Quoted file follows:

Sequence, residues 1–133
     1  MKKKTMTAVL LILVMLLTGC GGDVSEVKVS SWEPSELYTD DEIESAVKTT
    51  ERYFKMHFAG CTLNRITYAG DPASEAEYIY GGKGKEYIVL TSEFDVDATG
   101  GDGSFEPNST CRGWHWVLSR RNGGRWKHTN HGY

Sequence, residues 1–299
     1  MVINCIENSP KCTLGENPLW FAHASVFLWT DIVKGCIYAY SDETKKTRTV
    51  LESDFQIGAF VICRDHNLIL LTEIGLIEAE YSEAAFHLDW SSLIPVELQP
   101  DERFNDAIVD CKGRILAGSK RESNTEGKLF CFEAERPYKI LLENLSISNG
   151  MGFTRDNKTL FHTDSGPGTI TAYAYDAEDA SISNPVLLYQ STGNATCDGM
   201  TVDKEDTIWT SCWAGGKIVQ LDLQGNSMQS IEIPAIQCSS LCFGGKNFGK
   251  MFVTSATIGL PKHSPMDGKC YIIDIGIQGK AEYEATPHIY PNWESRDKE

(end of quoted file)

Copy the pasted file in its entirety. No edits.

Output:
Sequence, residues 1–133
     1  MKKKTMTAVL LILVMLLTGC GGDVSEVKVS SWEPSELYTD DEIESAVKTT
    51  ERYFKMHFAG CTLNRITYAG DPASEAEYIY GGKGKEYIVL TSEFDVDATG
   101  GDGSFEPNST CRGWHWVLSR RNGGRWKHTN HGY

Sequence, residues 1–299
     1  MVINCIENSP KCTLGENPLW FAHASVFLWT DIVKGCIYAY SDETKKTRTV
    51  LESDFQIGAF VICRDHNLIL LTEIGLIEAE YSEAAFHLDW SSLIPVELQP
   101  DERFNDAIVD CKGRILAGSK RESNTEGKLF CFEAERPYKI LLENLSISNG
   151  MGFTRDNKTL FHTDSGPGTI TAYAYDAEDA SISNPVLLYQ STGNATCDGM
   201  TVDKEDTIWT SCWAGGKIVQ LDLQGNSMQS IEIPAIQCSS LCFGGKNFGK
   251  MFVTSATIGL PKHSPMDGKC YIIDIGIQGK AEYEATPHIY PNWESRDKE